referring to himself as “the Son of Man” He claimed that He came to serve not be served. Also in [Luke 22:27],

For who is greater, the one who is at the table or the one who serves? Is it not the one who is at the table? But I am among you as one who serves.

Jesus states that He is among the disciples (and us) as one who serves.

At the evening meal just before passover, as recorded in [John 13:2-5 & 13-16], Jesus famously washes His disciples feet. Taking the role of a house slave or servant, Jesus washes and dries the feet of each disciple. The significance of this is probably lost slightly in today’s western society, although we still think a foot wash and massage is very pleasant. At this time in history people walked all day in sandals on hot dusty roads, and it was customary [Wikipedia] to offer a guest water for washing their feet.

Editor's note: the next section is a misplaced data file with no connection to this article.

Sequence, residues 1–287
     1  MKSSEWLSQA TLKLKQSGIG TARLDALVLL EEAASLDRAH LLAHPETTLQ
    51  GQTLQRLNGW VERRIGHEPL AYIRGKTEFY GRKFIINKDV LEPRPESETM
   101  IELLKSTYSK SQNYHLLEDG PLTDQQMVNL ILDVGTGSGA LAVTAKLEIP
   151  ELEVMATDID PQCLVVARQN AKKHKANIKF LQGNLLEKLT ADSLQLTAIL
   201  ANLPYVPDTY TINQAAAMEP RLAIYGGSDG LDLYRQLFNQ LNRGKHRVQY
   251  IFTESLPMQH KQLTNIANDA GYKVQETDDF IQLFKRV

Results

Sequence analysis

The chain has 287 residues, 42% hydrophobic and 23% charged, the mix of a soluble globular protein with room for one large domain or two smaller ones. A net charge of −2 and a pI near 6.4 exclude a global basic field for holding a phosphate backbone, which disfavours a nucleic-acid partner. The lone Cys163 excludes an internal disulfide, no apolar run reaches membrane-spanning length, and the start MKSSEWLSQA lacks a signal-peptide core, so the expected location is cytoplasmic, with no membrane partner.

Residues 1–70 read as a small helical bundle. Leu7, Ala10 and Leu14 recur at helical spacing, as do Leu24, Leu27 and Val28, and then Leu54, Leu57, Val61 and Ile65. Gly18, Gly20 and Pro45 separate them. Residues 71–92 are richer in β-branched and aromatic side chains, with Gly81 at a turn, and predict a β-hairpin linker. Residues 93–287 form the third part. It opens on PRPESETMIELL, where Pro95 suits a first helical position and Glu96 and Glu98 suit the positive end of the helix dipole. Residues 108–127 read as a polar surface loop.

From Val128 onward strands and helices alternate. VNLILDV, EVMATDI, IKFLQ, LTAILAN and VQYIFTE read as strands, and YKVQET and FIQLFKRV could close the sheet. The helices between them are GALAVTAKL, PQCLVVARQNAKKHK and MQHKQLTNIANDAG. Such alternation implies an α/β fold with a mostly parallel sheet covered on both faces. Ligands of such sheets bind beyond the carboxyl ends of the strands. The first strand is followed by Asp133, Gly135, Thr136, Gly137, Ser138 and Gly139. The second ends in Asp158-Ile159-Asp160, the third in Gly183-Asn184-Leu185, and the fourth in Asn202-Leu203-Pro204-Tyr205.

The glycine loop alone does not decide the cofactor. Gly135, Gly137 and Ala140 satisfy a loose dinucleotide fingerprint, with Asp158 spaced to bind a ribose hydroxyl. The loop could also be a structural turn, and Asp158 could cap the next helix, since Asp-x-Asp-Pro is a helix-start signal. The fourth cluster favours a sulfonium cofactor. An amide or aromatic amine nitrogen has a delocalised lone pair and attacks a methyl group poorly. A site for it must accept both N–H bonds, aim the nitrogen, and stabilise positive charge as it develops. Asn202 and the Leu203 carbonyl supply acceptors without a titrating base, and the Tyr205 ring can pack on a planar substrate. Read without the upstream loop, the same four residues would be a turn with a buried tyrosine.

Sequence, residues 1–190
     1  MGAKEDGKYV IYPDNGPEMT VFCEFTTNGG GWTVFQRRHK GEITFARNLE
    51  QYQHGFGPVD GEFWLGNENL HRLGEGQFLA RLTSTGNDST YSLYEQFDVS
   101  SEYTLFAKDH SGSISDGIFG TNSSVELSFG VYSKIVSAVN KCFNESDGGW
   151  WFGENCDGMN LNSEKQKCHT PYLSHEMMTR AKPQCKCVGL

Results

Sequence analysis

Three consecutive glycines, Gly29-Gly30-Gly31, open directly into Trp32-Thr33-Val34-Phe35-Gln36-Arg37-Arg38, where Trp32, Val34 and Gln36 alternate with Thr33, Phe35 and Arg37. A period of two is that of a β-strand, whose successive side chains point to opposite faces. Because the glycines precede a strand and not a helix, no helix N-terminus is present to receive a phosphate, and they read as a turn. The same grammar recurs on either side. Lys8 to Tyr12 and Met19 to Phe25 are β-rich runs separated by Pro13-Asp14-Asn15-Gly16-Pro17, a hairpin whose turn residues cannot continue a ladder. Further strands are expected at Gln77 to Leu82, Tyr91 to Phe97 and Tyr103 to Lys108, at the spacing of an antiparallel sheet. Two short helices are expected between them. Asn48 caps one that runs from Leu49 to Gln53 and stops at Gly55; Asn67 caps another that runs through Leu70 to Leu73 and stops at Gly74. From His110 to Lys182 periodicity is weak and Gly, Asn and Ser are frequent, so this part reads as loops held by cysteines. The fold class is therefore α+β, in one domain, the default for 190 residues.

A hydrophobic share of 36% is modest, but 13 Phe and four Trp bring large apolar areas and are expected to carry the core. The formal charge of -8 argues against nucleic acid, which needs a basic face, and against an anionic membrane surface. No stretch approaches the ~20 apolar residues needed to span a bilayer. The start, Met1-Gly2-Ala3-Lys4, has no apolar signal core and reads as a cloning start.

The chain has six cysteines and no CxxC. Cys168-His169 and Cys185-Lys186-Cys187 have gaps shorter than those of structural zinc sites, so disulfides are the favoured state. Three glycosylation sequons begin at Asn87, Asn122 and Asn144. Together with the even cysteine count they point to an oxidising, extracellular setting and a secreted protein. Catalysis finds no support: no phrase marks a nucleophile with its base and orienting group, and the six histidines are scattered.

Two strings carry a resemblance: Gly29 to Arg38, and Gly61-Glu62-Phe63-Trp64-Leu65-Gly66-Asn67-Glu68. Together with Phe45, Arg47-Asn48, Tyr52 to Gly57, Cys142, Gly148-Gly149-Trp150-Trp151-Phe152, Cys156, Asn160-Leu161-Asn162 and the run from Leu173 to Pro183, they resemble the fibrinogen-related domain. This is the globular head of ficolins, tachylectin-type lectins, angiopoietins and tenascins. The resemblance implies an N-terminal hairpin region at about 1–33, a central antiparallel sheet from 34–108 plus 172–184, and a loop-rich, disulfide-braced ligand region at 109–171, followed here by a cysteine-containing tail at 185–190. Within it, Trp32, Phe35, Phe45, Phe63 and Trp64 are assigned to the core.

A modern-day parallel might be imagined where, when you arrive at a friend’s birthday party, the birthday boy (or girl) washes your car for you. Or maybe they have asked you to a high class restaurant to celebrate and it is the birthday person (rather than a waiter/waitress) who serves the table bringing you menus, food, and perhaps a hand washing bowl.

The two parables told by Jesus from [Luke 14:8-14] imply that putting others before yourself and not giving to or serving those who will repay in kind is the approach He would want people to take.

Not forgetting, of course, the many acts of service actually performed by Jesus – healing, other miracles, teaching, and the biggest act of service of them all – paying the consequences of our bad choices by dying on the cross.